Summary: First, Jesus is alive. Really alive. Abundantly alive. Second, because Jesus is alive, a new community of people is formed-—people who demonstrate the reality and power of the risen Christ in their life together. Real life. Abundant life.
When Jesus walked the earth—teaching, and preaching, and healing—-strange things happened. Not strange as in Ripley’s Believe It Or Not. More like strange as in counter-intuitive. Strange as in turning upside-down what everyone knew to be true about how the world worked—what was important and what was not, who was important and who was not, what made for success and what did not.
Otherwise responsible men picked up and left home—-left behind jobs and families, all that was familiar-—and followed him. Fishermen became evangelists. Tax collectors became teachers. Zealots became servants.
Lepers were cleansed. Paralytics were healed. Sinners were welcomed. Storms were quieted at the sound of his voice. Demons fled. Dead boys and girls were raised to life.
The greatest became servants. The proud were humbled. The outcast were welcomed. The conventionally powerful found themselves on the fringe. The last became first.
Wherever Jesus went, life happened. Real life. Abundant life.
Even when Jesus walked no more, and his body was laid in the tomb, life happened. On the third day he rose again from the dead.
Some six weeks later, on Pentecost, the church was born.
According to the Book of Acts, everywhere the church went, strange things happened. Or maybe I should say, wherever the Holy Spirit led the church, strange things happened. Strange as in turning upside-down what everyone knew to be true about how the world worked—-what was important and what was not, who was important and who was not, what made for success and what did not.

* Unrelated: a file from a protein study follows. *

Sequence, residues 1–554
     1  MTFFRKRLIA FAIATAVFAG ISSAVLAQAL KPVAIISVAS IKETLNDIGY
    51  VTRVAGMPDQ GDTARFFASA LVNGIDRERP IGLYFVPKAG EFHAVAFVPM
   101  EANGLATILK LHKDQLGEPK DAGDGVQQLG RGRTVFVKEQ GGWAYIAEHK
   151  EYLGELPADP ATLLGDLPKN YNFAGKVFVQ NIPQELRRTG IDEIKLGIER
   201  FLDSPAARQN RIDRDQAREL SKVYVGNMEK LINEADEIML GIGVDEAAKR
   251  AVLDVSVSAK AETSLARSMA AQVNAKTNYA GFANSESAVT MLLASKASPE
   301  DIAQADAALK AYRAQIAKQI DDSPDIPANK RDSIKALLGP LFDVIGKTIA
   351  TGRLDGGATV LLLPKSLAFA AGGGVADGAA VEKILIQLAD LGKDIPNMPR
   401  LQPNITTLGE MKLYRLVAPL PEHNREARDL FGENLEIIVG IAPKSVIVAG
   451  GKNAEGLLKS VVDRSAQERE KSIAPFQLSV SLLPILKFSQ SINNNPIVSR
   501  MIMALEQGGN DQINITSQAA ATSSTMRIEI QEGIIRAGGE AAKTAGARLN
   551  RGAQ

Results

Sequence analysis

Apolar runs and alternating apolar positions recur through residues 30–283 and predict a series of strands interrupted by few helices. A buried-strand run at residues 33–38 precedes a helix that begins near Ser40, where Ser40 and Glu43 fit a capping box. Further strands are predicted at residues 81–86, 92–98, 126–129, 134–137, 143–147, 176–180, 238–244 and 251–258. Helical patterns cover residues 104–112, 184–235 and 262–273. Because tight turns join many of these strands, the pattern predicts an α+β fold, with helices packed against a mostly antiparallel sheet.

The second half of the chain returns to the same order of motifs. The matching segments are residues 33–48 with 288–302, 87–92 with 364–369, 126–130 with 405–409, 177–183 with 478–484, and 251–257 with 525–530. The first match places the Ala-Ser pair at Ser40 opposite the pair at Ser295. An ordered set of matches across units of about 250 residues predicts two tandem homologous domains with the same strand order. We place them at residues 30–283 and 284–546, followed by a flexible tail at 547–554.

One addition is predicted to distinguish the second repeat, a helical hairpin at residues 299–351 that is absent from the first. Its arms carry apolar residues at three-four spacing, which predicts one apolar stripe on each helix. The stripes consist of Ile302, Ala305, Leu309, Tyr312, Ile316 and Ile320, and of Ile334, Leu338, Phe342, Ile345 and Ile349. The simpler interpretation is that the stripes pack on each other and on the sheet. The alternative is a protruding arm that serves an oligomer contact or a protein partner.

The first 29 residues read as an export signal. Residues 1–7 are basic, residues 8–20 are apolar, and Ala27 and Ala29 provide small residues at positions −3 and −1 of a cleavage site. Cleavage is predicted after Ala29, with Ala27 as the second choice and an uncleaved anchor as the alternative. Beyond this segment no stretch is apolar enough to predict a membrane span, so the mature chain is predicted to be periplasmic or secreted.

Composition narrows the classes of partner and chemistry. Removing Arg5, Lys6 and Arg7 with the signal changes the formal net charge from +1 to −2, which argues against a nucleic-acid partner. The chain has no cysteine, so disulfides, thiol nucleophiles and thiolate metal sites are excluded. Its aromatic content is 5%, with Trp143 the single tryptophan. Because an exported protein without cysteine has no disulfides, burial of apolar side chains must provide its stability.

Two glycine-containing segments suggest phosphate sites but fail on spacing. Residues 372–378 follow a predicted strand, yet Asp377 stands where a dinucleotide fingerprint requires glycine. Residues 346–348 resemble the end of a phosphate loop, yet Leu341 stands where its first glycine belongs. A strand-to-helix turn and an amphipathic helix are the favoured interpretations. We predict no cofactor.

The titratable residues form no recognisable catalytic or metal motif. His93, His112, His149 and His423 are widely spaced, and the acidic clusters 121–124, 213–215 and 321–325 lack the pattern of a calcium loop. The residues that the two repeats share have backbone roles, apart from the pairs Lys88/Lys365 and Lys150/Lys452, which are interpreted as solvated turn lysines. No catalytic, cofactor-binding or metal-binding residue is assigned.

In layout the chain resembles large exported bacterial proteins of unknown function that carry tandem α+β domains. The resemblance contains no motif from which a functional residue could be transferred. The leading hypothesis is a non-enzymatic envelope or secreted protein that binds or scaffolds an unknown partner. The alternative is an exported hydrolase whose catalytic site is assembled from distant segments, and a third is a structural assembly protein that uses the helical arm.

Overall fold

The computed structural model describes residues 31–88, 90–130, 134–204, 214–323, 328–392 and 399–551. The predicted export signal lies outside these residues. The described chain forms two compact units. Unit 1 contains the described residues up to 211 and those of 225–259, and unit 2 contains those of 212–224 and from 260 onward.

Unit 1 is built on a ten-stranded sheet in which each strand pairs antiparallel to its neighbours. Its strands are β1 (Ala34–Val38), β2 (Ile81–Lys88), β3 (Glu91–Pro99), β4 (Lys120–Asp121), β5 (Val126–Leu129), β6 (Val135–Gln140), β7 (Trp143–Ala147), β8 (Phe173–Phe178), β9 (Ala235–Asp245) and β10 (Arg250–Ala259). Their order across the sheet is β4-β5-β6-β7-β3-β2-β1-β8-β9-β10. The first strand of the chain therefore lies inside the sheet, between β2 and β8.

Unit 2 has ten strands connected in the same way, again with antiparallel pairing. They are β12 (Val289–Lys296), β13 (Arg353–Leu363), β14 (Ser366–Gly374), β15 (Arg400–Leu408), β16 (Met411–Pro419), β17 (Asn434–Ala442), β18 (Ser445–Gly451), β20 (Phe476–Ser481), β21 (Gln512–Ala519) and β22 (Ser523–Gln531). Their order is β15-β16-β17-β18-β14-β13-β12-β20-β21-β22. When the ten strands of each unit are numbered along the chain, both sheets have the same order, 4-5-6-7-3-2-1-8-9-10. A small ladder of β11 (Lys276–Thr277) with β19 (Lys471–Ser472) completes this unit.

An uneducated fisherman from the boonies preached in the capital city, and thousands repented and were baptized.
A man who had not walked, ever, danced on the temple steps and praised God.
The chief persecutor of the church became its greatest missionary. Prison doors did not stay locked. Threats to personal safety did not intimidate people.
Wherever the Holy Spirit led the church, life happened. Real life. Abundant life.
The Book of Acts is the longest book in the New Testament.
Reading the Book of Acts yields all sorts of wonderful insights…about prayer, about missions and evangelism, about church history and church government, about leadership development, about cross-cultural interactions, about stewardship, about perseverance, about preaching, about deacons, about challenging the powerful, about reaching out to the weak, and more.
It can be a lot to keep track of. It can be almost overwhelming. Sometimes it can even be distracting. Have you ever wanted someone just to come out and tell you what the main idea is? You know-—not so you could skip reading the Book, of course, but just to help keep you focused while you read the Book.
When I was in 8th grade, I took confirmation class at my church—every Wednesday evening for months. For several of those Wednesdays, we traced the travels of Paul, largely by reading the accounts in the Book of Acts. It was quite interesting. It was informative. It was worthwhile. It was also really easy to get lost in the details.